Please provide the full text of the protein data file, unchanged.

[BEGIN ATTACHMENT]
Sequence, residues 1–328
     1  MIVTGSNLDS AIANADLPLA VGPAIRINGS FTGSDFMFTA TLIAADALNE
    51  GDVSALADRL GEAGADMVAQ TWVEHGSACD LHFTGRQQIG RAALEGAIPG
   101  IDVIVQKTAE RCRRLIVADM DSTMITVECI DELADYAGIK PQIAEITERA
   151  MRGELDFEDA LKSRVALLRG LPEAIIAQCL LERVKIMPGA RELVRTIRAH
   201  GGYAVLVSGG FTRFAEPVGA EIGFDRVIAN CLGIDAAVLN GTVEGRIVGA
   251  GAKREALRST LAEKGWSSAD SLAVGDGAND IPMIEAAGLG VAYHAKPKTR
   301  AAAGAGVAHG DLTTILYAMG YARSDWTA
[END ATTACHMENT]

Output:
Sequence, residues 1–328
     1  MIVTGSNLDS AIANADLPLA VGPAIRINGS FTGSDFMFTA TLIAADALNE
    51  GDVSALADRL GEAGADMVAQ TWVEHGSACD LHFTGRQQIG RAALEGAIPG
   101  IDVIVQKTAE RCRRLIVADM DSTMITVECI DELADYAGIK PQIAEITERA
   151  MRGELDFEDA LKSRVALLRG LPEAIIAQCL LERVKIMPGA RELVRTIRAH
   201  GGYAVLVSGG FTRFAEPVGA EIGFDRVIAN CLGIDAAVLN GTVEGRIVGA
   251  GAKREALRST LAEKGWSSAD SLAVGDGAND IPMIEAAGLG VAYHAKPKTR
   301  AAAGAGVAHG DLTTILYAMG YARSDWTA